regret. He must not seek to lay the blame on others. Only when we realize
that our mistakes are of our own making will such disagreeable experiences
free us of errors.
Six in the fourth place means:
Contented limitation. Success.
Every limitation has its value, but a limitation that requires persistent effort
entails a cost of too much energy. When, however, the limitation is a natural
one (as for example, the limitation by which water flows only downhill),
it necessarily leads to success, for then it means a saving of energy.
The energy that otherwise would be consumed in a vain struggle with the object,
is applied wholly to the benefit of the matter in hand, and success is assured.
° Nine in the fifth place means:
Sweet limitation brings good fortune.
Going brings esteem.
The limitation must be carried out in the right way if it is to be effective.
If we seek to impose restrictions on others only, while evading them ourselves,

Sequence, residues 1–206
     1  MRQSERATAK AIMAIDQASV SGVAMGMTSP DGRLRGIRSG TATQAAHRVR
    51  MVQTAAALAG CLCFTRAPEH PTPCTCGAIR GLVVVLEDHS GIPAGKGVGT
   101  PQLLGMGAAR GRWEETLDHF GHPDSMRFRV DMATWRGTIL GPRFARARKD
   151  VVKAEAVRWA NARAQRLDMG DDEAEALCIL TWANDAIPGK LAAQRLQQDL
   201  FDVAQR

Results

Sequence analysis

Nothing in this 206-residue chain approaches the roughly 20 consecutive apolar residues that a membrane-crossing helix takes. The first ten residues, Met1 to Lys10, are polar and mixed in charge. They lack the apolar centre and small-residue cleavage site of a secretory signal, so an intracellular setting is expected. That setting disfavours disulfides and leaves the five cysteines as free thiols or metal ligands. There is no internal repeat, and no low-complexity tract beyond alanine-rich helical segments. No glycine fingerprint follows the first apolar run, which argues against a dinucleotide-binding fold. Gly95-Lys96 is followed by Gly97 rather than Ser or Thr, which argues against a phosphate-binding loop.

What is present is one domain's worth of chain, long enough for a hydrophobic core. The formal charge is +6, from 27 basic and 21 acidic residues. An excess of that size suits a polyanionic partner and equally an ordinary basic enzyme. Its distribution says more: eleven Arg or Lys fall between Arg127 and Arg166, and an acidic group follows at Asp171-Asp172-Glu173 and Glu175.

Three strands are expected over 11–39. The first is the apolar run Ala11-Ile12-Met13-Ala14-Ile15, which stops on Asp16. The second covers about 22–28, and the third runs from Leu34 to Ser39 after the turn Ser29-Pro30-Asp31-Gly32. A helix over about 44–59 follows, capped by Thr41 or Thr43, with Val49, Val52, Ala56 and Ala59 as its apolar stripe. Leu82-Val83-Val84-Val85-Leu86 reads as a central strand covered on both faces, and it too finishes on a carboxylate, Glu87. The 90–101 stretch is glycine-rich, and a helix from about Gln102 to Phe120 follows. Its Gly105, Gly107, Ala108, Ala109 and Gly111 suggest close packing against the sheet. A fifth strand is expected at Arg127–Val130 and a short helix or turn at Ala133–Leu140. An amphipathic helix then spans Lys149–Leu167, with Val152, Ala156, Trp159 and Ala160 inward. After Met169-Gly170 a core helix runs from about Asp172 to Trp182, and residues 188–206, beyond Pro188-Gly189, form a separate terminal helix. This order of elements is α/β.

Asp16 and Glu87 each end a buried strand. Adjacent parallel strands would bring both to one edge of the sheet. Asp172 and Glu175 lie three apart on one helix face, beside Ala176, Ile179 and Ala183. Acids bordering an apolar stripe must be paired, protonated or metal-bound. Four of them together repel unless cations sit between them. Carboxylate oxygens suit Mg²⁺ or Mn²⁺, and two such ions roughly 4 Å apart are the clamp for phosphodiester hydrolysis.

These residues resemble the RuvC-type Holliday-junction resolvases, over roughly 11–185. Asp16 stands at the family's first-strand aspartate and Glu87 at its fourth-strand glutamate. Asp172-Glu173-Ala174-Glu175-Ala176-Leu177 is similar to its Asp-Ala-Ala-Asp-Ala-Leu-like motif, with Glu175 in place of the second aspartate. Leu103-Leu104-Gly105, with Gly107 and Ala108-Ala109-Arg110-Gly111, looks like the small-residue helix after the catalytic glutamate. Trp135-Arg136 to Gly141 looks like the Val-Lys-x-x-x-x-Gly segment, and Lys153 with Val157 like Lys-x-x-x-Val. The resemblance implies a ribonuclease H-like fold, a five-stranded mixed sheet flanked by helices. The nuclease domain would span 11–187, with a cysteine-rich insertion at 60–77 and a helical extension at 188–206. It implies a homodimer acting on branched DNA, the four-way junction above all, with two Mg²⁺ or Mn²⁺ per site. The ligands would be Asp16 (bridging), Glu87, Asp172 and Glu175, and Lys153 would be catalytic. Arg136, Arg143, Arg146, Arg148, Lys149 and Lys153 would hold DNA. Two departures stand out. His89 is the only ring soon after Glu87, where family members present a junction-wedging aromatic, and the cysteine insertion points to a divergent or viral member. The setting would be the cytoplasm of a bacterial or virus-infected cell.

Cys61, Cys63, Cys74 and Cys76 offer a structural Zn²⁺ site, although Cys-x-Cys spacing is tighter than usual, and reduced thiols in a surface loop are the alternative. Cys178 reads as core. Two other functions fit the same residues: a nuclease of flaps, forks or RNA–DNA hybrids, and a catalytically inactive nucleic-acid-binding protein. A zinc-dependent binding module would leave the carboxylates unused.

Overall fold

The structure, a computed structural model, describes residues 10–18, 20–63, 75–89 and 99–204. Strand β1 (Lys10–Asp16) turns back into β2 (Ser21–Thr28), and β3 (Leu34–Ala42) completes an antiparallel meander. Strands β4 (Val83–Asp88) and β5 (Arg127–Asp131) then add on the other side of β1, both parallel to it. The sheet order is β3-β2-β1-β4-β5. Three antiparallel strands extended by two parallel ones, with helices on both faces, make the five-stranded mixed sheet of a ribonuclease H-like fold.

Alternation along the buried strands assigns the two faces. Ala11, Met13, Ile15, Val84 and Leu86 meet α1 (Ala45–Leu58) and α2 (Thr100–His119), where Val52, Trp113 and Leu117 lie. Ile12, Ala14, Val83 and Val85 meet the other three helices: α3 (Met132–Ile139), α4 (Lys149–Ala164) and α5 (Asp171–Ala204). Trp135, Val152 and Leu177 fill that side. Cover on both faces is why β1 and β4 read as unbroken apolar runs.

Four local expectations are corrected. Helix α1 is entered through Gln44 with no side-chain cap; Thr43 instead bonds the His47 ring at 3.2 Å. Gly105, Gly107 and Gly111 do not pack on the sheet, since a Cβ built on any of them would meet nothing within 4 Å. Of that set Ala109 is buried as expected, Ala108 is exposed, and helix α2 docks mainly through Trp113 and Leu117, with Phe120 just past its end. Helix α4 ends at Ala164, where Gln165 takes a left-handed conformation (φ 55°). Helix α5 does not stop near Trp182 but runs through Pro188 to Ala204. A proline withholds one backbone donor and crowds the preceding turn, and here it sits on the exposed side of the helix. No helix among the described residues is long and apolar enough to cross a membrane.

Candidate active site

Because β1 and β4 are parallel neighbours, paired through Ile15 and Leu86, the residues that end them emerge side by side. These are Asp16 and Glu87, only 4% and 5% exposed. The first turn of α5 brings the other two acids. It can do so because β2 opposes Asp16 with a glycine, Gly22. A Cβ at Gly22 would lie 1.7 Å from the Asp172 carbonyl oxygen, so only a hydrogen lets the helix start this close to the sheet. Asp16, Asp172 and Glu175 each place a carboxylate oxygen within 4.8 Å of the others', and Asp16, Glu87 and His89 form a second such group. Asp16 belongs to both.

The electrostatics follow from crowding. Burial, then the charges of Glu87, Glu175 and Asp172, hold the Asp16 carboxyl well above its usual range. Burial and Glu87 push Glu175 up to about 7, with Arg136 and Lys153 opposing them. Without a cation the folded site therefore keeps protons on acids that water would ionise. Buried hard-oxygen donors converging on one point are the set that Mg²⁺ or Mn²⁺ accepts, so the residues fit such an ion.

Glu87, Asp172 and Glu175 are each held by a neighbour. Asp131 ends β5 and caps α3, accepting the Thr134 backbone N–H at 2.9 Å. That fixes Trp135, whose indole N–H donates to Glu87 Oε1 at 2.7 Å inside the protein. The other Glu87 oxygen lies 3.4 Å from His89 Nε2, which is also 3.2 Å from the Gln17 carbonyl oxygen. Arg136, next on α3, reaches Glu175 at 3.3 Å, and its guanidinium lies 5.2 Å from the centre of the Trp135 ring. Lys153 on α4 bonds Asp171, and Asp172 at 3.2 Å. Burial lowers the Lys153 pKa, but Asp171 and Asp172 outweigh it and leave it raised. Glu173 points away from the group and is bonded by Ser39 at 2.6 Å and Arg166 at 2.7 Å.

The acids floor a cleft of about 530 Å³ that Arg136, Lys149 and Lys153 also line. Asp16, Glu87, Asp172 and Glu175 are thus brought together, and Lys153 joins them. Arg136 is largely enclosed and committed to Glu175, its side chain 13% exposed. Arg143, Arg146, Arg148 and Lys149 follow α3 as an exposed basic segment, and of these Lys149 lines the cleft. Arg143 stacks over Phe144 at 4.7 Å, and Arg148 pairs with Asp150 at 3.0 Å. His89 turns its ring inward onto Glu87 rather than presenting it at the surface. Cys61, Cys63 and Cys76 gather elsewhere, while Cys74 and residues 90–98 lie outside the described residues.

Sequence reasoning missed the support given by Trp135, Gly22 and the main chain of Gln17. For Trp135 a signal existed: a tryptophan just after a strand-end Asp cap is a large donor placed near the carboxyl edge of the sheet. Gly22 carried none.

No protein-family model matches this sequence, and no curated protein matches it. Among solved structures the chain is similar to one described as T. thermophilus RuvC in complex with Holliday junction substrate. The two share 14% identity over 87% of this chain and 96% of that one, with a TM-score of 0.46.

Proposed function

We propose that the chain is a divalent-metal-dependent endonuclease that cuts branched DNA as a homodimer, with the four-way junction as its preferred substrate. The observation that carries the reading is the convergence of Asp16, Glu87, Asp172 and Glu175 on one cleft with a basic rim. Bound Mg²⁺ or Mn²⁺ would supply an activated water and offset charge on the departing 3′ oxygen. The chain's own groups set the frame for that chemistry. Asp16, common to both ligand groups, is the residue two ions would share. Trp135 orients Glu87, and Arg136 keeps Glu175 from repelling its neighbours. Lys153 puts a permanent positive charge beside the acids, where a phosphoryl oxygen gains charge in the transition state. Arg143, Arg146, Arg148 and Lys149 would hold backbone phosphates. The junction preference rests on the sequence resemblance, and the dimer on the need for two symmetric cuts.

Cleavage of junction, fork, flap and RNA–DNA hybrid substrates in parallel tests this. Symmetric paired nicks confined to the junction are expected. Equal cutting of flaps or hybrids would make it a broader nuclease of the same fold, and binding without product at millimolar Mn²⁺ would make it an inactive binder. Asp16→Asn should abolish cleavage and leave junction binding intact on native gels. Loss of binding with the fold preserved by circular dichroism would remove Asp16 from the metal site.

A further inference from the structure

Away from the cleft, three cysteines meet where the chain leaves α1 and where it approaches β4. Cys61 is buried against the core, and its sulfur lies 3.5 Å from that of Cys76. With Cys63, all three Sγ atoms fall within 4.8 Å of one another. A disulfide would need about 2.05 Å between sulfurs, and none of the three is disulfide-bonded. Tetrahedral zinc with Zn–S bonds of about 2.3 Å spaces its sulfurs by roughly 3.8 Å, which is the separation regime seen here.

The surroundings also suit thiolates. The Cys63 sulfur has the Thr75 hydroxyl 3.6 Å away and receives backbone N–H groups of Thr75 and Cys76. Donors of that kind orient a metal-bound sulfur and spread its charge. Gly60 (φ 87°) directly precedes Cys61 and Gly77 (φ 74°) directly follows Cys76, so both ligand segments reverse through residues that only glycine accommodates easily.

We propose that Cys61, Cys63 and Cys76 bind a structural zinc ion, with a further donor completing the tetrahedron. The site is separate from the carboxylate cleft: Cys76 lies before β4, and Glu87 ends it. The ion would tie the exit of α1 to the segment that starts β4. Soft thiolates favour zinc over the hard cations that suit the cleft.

these restrictions will always be resented and will provoke resistance. If, however,
a man in a leading position applies the limitation first to himself, demanding little
from those associated with him, and with modest means manages to achieve something,
good fortune is the result. Where such an example occurs, it meets with emulation,
so that whatever is undertaken must succeed.
Six at the top means:
Perseverance brings misfortune.
If one is too severe in setting up restrictions, people will not endure them.
The more consistent such severity, the worse it is, for in the long run a reaction
is unavoidable. In the same way, the tormented body will rebel against excessive
asceticism. On the other hand, although ruthless severity is not to be applied
persistently and systematically, there may be times when it is the only means
of safeguarding against guilt and remorse. In such situations ruthlessness
toward oneself is the only means of saving one's soul, which otherwise would
succumb to irresolution and temptation.